Story: Deer and deer farming

Page 11. The 2000s onwards

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Wild population increasing again

By the early 2000s it was uneconomic to use helicopters to harvest wild deer commercially. Feral deer numbers were again on the rise in some areas, in spite of pressure from recreational deer hunters. However, some of the big river valleys running east from the South Island main divide, which once carried large wild deer herds, have not shown major increases in numbers.

The need for control

In 2007 it appeared that a government agency, such as the Department of Conservation, would soon have to hire helicopter companies to control deer in mountain areas where the animals are damaging the fragile environment. There is likely to be much debate about this.

Future challenges

The deer farming industry in the early 2000s was well established and supported by Deer Industry New Zealand. It was expected to grow, although more slowly than in recent decades.

The industry needs to better balance the supply of venison and velvet antler with market requirements, to avoid its previous pattern of boom and bust. New markets have been found for venison and established markets grown. Recent reductions in the size of the national breeding herd, due to high slaughter rates, suggest that there is a ready demand for the product.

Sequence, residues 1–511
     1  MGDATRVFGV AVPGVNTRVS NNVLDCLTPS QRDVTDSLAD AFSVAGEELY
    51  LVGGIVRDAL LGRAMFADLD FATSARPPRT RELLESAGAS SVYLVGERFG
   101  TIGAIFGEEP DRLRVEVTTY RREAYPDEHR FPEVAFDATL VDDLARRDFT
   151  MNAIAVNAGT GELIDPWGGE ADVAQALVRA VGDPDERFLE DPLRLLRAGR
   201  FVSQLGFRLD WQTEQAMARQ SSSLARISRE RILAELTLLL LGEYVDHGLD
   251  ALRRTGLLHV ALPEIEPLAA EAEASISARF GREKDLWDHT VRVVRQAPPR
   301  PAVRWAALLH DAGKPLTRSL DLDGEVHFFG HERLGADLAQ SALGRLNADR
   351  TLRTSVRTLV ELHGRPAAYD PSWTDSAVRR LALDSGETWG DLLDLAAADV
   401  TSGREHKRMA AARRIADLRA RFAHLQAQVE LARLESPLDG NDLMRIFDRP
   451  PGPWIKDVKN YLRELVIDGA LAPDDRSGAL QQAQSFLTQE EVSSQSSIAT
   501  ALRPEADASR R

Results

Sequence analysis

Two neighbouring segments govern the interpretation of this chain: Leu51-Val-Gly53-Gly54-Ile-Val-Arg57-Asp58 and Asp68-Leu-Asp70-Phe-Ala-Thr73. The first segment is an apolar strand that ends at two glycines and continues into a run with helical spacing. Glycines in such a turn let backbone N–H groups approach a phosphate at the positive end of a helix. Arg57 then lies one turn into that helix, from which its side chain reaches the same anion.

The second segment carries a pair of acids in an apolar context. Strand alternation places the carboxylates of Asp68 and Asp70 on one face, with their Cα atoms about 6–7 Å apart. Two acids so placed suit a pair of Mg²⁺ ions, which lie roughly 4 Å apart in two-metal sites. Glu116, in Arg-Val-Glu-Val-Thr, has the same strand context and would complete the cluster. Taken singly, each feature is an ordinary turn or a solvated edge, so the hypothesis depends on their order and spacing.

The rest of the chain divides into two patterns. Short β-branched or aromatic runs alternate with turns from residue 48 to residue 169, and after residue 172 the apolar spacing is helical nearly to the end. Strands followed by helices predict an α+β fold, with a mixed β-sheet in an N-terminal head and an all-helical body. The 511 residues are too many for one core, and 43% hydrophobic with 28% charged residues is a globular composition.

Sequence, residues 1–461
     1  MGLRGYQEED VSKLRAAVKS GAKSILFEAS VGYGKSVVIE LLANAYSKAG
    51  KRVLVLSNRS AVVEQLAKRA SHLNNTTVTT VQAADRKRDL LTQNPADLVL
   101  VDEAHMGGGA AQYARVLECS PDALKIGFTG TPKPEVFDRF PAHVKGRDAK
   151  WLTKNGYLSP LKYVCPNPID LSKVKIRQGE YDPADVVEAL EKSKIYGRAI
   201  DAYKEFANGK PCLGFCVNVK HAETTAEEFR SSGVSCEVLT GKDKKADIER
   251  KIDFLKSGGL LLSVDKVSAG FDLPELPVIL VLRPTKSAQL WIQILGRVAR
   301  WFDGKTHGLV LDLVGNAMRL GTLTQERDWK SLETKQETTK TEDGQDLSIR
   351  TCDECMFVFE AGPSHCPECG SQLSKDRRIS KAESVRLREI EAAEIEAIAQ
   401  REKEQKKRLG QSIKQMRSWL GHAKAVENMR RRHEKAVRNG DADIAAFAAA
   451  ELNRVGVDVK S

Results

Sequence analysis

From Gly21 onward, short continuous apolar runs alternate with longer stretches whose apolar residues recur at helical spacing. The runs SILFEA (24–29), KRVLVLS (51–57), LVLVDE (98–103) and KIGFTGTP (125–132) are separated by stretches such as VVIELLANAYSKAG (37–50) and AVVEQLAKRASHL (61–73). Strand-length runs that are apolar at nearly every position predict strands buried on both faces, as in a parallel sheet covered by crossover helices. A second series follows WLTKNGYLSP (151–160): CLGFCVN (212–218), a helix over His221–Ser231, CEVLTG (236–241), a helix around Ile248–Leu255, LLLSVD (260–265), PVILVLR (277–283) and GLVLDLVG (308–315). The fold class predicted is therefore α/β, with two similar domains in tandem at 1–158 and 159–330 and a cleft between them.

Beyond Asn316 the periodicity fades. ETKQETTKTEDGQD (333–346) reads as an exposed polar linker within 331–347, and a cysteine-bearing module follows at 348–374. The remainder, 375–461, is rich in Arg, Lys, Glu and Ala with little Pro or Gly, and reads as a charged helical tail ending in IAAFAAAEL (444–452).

The main market for velvet antler is still South Korea. To expand into other markets, new products from velvet antler will need to be developed and shown to be effective on human health. This will be difficult and expensive.

How to cite this page:

Ken Drew, 'Deer and deer farming - The 2000s onwards', Te Ara - the Encyclopedia of New Zealand, (accessed 21 April 2024)

Story by Ken Drew, published 24 Nov 2008